Find the Light Within the Darkness: Review of the Dark Arts Light Show at Universal Studios Hollywood
With its comforting cobbled streets, bustling shops, and the sight of the castle that feels like home to so many of us, the Wizarding World of Harry Potter at Universal Studios Hollywood seems like an evergreen cheerful destination. But for a limited time, a new light show will change that perspective – reminding us that even in our favorite story, there is darkness waiting within.
The new show – “Dark Arts at Hogwarts Castle” – is an impressive feat of technology, if nothing else. The show begins with billowing smoke and the hissing sounds of Parseltongue (perhaps for too long, since there is nothing going on visually at the time, making the viewer wonder if there might be something hidden from sight).
The castle bells chime and there is an interesting glimpse of shadows on the castle that goes nowhere. What seems to be intended as Professor Dumbledore’s voice then mentions that something dark is coming. From there, the castle transforms into the shop windows of Borgin and Burkes, as shrunken heads and skulls fly around and the more haunting of John Williams’ scores crescendos.
The Hand of Glory, an artifact that’s rarely seen on film, makes an appearance that sends a shiver down the spine. Aragog and his spider family emerge, followed by Devil’s Snare and battling armored trolls. Thestrals and Inferi make an entrance, with pyrotechnics dazzling the viewer. Dementors encircle the castle spires, and then none other than Lord Voldemort himself arrives, vowing to destroy all and make his power undeniable.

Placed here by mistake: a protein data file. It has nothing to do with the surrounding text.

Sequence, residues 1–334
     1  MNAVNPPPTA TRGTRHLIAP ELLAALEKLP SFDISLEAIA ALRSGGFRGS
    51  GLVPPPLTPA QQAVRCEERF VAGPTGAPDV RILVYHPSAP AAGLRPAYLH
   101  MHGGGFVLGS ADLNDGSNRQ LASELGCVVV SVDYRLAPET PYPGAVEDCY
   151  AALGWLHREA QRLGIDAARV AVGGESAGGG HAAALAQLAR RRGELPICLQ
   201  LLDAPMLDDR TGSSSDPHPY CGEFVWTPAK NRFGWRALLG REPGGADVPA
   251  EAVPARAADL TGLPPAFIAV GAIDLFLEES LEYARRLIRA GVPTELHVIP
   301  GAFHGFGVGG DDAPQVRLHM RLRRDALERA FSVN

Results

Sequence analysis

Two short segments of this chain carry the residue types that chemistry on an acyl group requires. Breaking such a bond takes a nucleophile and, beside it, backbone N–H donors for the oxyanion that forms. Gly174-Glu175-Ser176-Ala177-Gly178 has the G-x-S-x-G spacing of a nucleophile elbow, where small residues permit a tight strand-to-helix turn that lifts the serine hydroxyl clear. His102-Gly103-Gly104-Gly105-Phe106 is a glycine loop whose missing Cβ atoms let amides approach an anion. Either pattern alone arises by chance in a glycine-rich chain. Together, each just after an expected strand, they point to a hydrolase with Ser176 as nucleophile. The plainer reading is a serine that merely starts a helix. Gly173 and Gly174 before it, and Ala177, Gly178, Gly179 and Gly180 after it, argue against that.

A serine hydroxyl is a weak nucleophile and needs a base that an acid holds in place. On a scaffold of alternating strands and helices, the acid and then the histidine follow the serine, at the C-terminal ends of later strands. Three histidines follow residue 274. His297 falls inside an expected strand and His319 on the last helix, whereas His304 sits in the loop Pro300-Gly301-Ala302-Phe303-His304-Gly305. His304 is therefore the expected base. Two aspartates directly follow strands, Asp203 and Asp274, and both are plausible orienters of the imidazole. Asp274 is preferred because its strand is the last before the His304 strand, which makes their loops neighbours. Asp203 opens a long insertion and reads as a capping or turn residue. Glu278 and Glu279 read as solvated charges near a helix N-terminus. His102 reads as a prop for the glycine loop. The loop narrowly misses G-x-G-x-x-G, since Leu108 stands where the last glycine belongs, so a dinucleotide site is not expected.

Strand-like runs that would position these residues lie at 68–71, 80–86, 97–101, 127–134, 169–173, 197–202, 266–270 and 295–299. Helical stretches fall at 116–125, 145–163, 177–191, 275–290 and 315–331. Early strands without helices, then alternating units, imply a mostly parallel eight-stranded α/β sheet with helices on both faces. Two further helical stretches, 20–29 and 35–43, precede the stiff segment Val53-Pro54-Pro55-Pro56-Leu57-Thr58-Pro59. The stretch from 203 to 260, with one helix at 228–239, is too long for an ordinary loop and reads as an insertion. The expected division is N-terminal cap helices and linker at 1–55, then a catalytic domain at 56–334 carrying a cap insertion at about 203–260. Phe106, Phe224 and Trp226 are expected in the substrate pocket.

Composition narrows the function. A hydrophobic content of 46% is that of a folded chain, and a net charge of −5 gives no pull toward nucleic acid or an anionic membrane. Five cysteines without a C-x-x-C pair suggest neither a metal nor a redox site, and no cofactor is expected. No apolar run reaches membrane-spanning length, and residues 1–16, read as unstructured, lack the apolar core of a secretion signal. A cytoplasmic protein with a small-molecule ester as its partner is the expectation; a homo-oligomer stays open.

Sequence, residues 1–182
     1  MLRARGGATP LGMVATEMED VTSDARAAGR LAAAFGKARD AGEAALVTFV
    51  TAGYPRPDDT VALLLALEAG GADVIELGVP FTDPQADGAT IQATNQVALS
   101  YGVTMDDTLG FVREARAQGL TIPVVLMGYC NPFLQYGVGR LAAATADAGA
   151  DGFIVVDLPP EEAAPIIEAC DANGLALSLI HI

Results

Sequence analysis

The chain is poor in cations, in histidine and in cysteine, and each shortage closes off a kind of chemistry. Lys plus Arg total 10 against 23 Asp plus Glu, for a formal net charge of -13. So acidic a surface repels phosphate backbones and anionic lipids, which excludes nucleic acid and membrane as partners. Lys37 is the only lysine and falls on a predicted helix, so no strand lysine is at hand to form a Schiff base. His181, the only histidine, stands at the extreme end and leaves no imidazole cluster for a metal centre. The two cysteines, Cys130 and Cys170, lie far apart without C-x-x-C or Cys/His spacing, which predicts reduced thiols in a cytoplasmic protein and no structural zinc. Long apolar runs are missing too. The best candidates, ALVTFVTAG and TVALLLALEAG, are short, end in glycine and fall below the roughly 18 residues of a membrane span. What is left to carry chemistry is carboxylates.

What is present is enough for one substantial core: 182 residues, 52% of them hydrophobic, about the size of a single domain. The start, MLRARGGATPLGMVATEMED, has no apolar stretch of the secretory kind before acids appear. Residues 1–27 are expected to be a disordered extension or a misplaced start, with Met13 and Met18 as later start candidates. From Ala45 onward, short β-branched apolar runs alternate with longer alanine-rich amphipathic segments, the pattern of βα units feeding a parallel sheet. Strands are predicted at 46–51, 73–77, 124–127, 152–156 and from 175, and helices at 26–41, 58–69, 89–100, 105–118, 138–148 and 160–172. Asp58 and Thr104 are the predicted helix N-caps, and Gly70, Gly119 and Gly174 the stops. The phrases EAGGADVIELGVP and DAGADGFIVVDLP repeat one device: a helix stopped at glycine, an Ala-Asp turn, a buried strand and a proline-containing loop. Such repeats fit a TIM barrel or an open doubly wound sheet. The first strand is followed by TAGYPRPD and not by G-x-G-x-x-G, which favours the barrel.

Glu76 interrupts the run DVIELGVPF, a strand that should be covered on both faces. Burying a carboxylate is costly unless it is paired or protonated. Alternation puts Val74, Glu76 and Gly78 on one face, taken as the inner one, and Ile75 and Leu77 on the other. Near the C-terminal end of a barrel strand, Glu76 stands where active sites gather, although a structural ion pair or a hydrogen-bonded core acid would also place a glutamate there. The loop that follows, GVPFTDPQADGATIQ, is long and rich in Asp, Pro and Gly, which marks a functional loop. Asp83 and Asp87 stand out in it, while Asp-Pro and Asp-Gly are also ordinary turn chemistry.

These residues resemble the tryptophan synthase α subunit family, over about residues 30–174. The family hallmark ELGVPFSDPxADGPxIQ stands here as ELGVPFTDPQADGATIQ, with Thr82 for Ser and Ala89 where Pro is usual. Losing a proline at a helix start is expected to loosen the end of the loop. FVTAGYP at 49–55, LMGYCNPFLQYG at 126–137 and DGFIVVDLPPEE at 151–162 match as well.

As we watch the castle appear to crack and burn with a green flame, an eerie silence settles over the crowd. But Dumbledore arrives again to remind us that happiness can always be found. And here, the real spectacle begins as Harry’s stag Patronus glows on the castle wall and small pinpricks of light appear at the side of the castle.
Using drone technology, the stag forms in the air and then moves, bowing to the crowd before fading. A final glimpse of the castle reveals a smoky symbol drawn on the main tower: the Deathly Hallows.
The show feels a little long and drawn out in places, and at about eight and a half minutes long, it is nearly a full minute longer than the Christmas light show. Though there is a story during the latter half of the show, there is a lack of focus at the beginning. Despite that, the drone Patronus is a sight to behold. It appears so gradually and flawlessly and moves so seamlessly, it seems the only explanation could be magic. I was not expecting it to move, but that made it seem all the more alive.
This new light show is sure to be a hit with those more inclined toward the darker aspects of the series (according to senior entertainment officials, that was the aim), and the Patronus is certainly a showstopper. Whether this show will prove as successful as the Hogwarts Houses and holiday shows is still to be seen.